Ex situ gas generation for lab scale organic synthesis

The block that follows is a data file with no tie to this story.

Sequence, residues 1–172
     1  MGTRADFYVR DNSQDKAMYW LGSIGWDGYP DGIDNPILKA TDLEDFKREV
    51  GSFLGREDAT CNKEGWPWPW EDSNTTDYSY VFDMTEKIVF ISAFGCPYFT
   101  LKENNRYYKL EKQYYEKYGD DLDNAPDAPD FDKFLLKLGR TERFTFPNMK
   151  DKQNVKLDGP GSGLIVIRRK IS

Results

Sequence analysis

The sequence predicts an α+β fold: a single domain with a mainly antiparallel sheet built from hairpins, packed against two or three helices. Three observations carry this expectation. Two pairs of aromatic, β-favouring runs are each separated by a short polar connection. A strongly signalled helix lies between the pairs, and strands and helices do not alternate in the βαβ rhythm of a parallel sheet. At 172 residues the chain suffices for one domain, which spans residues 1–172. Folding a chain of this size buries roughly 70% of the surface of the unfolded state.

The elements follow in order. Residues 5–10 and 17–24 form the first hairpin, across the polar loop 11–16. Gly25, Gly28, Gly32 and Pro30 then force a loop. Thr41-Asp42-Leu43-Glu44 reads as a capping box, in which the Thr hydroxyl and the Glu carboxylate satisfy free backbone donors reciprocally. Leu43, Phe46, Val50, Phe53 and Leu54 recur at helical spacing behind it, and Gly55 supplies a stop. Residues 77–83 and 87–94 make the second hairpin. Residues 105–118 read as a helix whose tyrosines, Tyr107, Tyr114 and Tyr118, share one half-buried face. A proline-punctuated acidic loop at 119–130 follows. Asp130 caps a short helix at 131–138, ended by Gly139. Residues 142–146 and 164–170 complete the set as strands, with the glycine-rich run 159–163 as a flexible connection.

Synthetic organic reactions involving gaseous reagents are frequently avoided in the research lab for practical and safety reasons. Nevertheless, reactive gases often represent convenient building blocks with high potential for atom economy. This review article aims at highlighting ex situ gas generation methods as safe and easily executable procedures for organic synthesis. Especially the advent of two-chamber type reactors has been responsible for the renewed interest in gas–liquid biphasic transformations. With the exemption of carbon monoxide, a discussion is provided on the scientific work from the last decade which employs ex situ generated gaseous reagents, produced on-demand and in a place other than the reaction mixture itself. Features of these protocols which are especially appealing to a laboratory bench-scale context will be underscored, with an emphasis on safety and synthetic diversity allowed by the gas-mediated reactions.